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There's so much more to France to discover beyond Paris

There's so much more to France to discover beyond Paris
When you say you’re going to France, most people will automatically assume you’re visiting Paris. And why not? It’s incredibly chic, with amazing attractions, incredible restaurants – but it often has the crowds to match too.
France is a country with a rich history and culture, and there is so much to see and do beyond its capital city. For your next trip, why not explore some of the other delights France has to offer; glorious beaches, majestic mountains and bustling medieval towns to explore across four wonderful destinations - Chamonix, Normandy, Bordeaux, and Strasbourg
Image of people climbing a mountain covered in snow in Chamonix

Discover the Alps in Chamonix  

Chamonix is a town that’s perfect for nature lovers with truly breath-taking views of the Alps. Hike to your heart’s content, go rock climbing, or just stand in awe of Mont Blanc, the highest mountain in Western Europe at 4810m.
Whilst you can view from the valley floor, one of the best ways to appreciate the mountain’s majesty is from up high. If you only do one thing, get the cable car up to Aiguille du Midi, a 3,842-metre mountain on the Mont Blanc massif. For unparalleled views of the Alps from the top, be sure to take your sunglasses with you, as the glare from the snow and ice can be extremely strong at this altitude.
Accessed by the vintage Montenvers train, another fantastic place to visit is the huge Mer de Glace glacier. From the top, you can descend to an ice cave excavated into the glacier via a gondola and a series of walkways and steps.
After exploring, if you’ve worked up an appetite, there are also some great restaurants to enjoy, and it’s worth remembering at lunchtime most restaurants will offer a well-priced 'Plat du Jour' (dish of the day), normally consisting of locally sourced meat, potatoes and a salad or seasonal vegetables. Additionally, as the town is so close to the Italian border, you can also pick up a good pizza from an Italian pizzeria if you fancy!
It's not just beautiful scenery and good food that Chamonix offers. The skiing in this region is world-class and it’s also known as a fantastic mountaineering destination. Prefer watching the action? Chamonix also hosts a wide range of sporting events throughout the year, including June’s Mont Blanc Marathon and the UTMB trail running race in August.
If music is more your thing, then April’s Musilac Mont Blanc is a must-visit and at the end of July, the Cosmo Jazz Festival hosts concerts all around the valley.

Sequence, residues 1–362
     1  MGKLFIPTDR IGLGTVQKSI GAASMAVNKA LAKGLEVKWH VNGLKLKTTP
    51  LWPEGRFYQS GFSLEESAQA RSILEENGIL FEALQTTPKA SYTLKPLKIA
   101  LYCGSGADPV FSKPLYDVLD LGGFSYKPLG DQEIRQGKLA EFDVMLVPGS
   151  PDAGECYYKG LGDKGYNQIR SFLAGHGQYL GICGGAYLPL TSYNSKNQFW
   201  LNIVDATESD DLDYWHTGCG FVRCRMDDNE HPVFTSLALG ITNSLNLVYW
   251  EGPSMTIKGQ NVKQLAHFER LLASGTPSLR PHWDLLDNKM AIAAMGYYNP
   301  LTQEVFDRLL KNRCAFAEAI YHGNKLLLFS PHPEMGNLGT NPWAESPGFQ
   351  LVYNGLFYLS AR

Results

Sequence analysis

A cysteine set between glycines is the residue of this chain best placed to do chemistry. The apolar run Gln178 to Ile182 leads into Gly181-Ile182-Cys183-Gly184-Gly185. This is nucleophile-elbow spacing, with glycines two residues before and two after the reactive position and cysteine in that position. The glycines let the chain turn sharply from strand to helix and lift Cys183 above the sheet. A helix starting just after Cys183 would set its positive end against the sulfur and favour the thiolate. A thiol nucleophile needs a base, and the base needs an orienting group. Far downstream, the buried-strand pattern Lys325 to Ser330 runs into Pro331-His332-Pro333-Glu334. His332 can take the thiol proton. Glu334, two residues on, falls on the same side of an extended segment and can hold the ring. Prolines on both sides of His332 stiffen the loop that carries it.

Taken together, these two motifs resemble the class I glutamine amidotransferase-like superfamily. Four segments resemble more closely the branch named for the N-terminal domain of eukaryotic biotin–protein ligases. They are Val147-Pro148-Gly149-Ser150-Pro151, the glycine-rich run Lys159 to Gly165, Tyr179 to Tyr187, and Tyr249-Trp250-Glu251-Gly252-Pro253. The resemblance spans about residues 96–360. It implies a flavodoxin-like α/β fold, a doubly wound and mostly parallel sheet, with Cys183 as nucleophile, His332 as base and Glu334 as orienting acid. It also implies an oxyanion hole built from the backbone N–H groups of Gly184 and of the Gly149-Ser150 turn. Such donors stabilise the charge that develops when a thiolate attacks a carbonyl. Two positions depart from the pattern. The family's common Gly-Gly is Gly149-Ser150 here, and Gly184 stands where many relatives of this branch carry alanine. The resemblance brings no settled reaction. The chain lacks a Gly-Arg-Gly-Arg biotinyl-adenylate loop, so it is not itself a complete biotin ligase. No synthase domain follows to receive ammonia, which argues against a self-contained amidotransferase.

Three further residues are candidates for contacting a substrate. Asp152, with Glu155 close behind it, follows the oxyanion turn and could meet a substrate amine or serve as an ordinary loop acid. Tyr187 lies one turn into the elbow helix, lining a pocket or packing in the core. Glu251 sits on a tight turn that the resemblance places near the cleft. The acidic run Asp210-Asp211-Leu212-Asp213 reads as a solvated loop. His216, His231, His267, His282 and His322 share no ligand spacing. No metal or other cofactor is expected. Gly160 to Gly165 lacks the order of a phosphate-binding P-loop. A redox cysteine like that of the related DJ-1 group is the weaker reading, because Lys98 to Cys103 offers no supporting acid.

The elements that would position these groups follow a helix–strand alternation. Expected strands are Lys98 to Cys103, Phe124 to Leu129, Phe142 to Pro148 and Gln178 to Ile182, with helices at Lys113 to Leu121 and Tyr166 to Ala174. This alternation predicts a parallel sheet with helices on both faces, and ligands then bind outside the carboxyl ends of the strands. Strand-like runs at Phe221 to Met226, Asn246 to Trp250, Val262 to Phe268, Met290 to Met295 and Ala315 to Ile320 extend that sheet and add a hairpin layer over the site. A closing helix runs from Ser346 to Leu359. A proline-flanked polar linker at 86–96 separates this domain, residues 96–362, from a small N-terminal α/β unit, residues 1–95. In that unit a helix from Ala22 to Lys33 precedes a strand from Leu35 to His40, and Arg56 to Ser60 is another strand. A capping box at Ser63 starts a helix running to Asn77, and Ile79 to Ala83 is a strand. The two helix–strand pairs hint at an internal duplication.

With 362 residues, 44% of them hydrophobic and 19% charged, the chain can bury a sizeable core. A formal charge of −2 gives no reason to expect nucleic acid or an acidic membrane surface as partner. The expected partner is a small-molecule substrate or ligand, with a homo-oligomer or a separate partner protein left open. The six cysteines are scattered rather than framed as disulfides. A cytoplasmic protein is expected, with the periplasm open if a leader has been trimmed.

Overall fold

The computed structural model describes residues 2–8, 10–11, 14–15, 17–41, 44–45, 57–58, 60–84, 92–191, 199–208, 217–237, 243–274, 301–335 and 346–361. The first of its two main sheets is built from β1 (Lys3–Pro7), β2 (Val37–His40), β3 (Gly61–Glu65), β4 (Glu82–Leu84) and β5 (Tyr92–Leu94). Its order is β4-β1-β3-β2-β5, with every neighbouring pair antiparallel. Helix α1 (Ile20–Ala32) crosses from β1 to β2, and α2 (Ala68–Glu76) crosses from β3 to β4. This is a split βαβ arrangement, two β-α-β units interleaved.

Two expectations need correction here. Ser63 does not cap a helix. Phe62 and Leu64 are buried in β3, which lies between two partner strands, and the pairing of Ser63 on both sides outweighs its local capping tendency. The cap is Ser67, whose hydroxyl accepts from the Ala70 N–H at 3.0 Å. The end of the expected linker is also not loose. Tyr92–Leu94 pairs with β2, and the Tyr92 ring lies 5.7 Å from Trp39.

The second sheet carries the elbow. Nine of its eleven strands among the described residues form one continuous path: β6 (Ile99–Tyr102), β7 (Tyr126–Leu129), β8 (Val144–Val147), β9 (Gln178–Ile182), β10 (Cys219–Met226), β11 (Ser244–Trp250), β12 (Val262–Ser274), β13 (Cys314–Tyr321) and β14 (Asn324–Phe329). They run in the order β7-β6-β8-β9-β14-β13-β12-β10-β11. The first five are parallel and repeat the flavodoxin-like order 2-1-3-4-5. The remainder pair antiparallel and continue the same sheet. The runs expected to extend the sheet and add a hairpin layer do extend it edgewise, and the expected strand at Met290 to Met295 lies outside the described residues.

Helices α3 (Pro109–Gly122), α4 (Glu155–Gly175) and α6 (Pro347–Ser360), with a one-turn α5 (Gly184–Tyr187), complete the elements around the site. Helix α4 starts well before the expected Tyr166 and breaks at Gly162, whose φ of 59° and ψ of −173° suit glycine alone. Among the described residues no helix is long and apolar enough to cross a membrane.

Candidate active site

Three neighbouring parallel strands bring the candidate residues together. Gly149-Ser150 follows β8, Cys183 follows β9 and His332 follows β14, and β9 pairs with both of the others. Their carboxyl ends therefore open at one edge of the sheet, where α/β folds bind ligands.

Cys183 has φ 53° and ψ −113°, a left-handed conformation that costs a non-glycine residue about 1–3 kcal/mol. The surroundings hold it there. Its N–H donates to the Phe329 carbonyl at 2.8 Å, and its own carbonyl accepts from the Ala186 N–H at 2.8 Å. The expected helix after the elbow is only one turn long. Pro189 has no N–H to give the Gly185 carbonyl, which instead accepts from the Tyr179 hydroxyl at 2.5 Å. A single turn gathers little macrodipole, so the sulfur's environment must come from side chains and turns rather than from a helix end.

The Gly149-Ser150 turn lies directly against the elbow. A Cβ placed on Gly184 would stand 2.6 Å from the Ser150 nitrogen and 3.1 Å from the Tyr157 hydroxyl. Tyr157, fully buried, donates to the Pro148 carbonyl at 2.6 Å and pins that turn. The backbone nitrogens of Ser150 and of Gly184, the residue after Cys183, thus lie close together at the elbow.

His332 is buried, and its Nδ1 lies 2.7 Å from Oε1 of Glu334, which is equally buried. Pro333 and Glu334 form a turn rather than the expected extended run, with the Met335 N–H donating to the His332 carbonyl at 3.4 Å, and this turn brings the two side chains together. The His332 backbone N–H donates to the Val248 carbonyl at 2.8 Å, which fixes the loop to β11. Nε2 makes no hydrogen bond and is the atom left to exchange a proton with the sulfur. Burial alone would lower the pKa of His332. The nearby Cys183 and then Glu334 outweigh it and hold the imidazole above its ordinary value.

Whatever time of year you decide to holiday, Chamonix has a great range of things to do, see, hear and eat!
Image of Mont-Saint-Michel a tidal island and mainland commune in Normandy

Enjoy the culture of Normandy

Normandy is a region in northern France that is known for its history, culture, and food and it offers something for every type of holidaymaker. Plus, it’s so easy to get to - a simple hop on the ferry and few hours later you’ll be docking in France.
For history lovers, there are, of course, the D-Day landing beaches. Code-named by names they are still known as today - Utah, Omaha, Gold Juno and Sword - and stretching from the Carentan estuary to Ouistreham, the beaches were the site of the largest invasion in world history. Today, there are many memorials at the beaches and along the Normandy coastline, and there are still relics of time passed, with German bunkers, gun batteries and other evidence of the intense fighting that took place still dotted upon the landscape.
In March this year, the D-Day Museum (Musée du Débarquement) in Arromanches unveiled a new 1200 m2 exhibition space to help visitors understand the incredible technological challenge of building the artificial port, a gigantic project initiated by Winston Churchill. It offers a fascinating into how this famous structure worked and is well worth a visit.
If you’re visiting the Normandy beaches, Bayeux is a great place to base yourself. A hugely historical site in its own right, Bayeux can trace its roots back to the 1st century BC, so there’s lots to explore within the town itself - the magnificent Norman-Romanesque-Gothic Cathedral Notre-Dame de Bayeux, with its well-preserved frescos and spooky crypt is well worth a visit.
A vacation here wouldn’t be complete without a look at The Bayeux Tapestry, now on display at the Musée de la Tapisserie de Bayeux after spending many years in the Bayeux Cathedral. Measuring an incredible 230 feet, it’s one of the longest and certainly one of the most famous tapestries in the world, telling the story of the events that led to the Norman conquest of England in 1066. Made up of fifty-eight scenes, it depicts Harold’s (King of England) betrayal of William the Conqueror and the Battle of Hastings where Harold is killed. Don’t forget to pick up an audio guide to really get to grips with the story as you take it all in. 
Then there are other Normandy towns to explore like the impressive Mont Saint-Michel and the area’s capital, Rouen, where Monet was inspired to paint the Rouen Cathedral series.  And it’s not surprising he was. This city has it all, from a stunning Gothic cathedral (the tallest in France) and one of the oldest clock mechanisms in the renaissance Gros-Horloge clock tower (straddling one of the most snapped streets in Rouen), plus world-class museums, parks and gardens.